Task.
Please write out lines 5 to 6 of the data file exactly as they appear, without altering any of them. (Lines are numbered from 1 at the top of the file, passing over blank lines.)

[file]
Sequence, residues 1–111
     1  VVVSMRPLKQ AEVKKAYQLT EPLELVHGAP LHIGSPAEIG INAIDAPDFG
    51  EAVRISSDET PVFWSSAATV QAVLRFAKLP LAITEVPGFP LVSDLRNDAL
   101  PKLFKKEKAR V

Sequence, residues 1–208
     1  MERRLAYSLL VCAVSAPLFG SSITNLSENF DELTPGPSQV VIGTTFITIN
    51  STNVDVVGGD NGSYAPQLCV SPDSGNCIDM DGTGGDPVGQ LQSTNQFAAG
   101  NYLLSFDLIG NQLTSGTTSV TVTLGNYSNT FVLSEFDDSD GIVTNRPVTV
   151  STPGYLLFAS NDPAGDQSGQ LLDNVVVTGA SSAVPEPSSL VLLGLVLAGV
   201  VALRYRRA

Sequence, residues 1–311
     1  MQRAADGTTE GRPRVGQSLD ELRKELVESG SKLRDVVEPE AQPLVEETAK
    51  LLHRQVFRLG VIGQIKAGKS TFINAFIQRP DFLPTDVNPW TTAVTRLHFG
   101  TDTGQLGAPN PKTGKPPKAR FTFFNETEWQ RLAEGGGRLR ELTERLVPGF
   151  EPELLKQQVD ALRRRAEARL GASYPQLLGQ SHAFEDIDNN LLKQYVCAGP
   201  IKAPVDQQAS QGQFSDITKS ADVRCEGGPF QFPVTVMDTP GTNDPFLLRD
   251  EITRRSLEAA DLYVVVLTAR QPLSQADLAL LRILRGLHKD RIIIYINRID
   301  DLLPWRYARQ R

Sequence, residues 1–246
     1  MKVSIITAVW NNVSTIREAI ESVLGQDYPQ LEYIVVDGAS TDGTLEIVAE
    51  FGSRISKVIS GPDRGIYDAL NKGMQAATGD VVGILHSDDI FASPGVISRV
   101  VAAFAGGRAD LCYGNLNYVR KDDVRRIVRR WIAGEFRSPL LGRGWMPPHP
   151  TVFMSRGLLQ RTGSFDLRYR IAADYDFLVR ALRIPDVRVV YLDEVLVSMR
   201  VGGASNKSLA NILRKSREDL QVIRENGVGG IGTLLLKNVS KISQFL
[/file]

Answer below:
Sequence, residues 1–208
     1  MERRLAYSLL VCAVSAPLFG SSITNLSENF DELTPGPSQV VIGTTFITIN